Toggle display of website navigation Argument: October 4,9: President Donald Trump issued an explosive claim, alleging that China was engaging in a campaign to influence the outcome of U. However, circumstantial evidence is not enough.
Share via Email Britain's national newspapers are losing their ability to influence politics, argues Canadian media analyst Ken Goldstein in an openDemocracy essay.
He begins by charting the circulation declines of the papers from the s onwards, which British readers can take as read.
If you want the numbers, go here for pdf. Having set the scene with such data, Goldstein then gets to the heart of his argument: In that piece, I questioned the assumption that voters act as newspapers tell them. And Goldstein says "similar disconnects between newspaper editorial support and election outcomes can be found in Canada and the US.
On the other hand, it is certainly not as neutral and lacking in influence as proprietors and editors tend to say. But I need to take my argument on further because I think I need to make my position crystal clear, lest it be suggested that I deny the continuing, and baleful, influence of Britain's press proprietors and editors.
I agree with Goldstein about the the importance of setting press influence on the political process within the context of other influences. We do not live - as journalists and politicians tend to do - in a newspaper bubble.
However, and this is particularly true of the British experience, we he should not underestimate the way in which the national press - despite falling sales - retains an influence over the totality of the media agenda.
Broadcasters and bloggers tend to respond to the stimulus of a news and comment schedule that originates in newspapers. The material that appears most often in the main current affairs programmes on TV and radio, plus radio phone-in shows, is almost always based on follow-ups to stories in the national press.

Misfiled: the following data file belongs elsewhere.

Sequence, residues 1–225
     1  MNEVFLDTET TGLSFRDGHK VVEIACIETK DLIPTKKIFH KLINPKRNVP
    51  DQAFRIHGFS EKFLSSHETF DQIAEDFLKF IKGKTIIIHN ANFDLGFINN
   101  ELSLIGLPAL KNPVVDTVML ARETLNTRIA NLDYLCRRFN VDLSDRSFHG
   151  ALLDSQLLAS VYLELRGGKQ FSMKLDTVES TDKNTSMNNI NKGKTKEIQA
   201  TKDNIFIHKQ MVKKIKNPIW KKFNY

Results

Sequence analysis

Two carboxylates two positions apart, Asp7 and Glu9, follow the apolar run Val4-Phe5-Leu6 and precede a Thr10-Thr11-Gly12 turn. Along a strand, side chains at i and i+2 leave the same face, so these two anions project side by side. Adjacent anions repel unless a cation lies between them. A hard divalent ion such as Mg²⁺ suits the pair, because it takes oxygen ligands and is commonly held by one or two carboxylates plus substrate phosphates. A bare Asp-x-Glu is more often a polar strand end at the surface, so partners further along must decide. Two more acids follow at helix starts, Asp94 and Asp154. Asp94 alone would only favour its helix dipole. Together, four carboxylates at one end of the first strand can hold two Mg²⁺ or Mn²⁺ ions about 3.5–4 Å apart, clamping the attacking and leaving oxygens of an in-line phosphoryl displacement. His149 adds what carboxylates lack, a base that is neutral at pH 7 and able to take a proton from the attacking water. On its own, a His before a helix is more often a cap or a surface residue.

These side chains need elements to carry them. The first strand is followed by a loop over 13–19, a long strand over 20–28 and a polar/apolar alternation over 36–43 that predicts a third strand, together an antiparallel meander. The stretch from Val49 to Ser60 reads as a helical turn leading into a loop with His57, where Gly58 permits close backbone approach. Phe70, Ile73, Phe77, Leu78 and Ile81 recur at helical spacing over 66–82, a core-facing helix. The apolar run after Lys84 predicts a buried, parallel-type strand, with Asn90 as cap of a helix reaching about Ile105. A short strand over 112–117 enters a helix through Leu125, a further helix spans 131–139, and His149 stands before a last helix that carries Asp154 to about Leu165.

In such a way, papers still command the nation's central political narrative. This activity is hugely influential in the periods between elections, and much more important than the immediate pre-election calls for people to vote one way or another.
For example, in the years leading up to the election, the Labour party's leader, Neil Kinnock, suffered from vitriolic negative coverage. The final assault on his character, which cost him a poll victory, was the culmination of that process.
Similarly, Gordon Brown's defeat was assured by highly critical press coverage well before he ever called last year's election.
The newspapers' daily drip-drip-drip of stories and commentaries - whether positive or negative - do influence the electorate, including those people who never read the papers. The repetition, and the influence over other media, are the key to creating a broad consensus.
So I depart from Goldstein markedly, despite his having cited my remarks. But let's go back to his conclusion: New technology may have conquered the scarcity of channels, but that is increasingly yielding fragmented audiences based on far more choices and more narrowly-defined interests.
And he may well agree with Goldstein's final comment about fragmentation: But we are some way from that yet, if at all.Argument China’s Influence Operations Are Pinpointing America’s Weaknesses From Iowa to Louisiana, Beijing has mapped out the pressure points of U.S.
politics. The media today are more diffuse and chaotic than ever. The result is a new paradigm in political communications, and both parties are using . A study published in Perspectives on Politics, “Testing Theories of American Politics: Elites, Interest Groups, and Average Citizens,” analyzes the relative influence of political actors on policymaking.
The researchers sought to better understand the impact of elites, interest groups and voters on the passing of public policies. It is worth noting that many studies in this area take social media use as the starting point or “independent variable,” and therefore cannot rule out that some “deeper” cause — political interest, for example — is the reason people might engage in SNS use in the first place.
Further, some researchers see SNS use as a form of participation and . The Influence and Relationship of the Media in Politics, Campaigns and Elections - In an age of timeliness and demand for information, the media plays a crucial role in informing the public about politics, campaigns and elections.
The Influence and Relationship of the Media in Politics, Campaigns and Elections - In an age of timeliness and demand for information, the media plays a crucial role in informing the public about politics, campaigns and elections.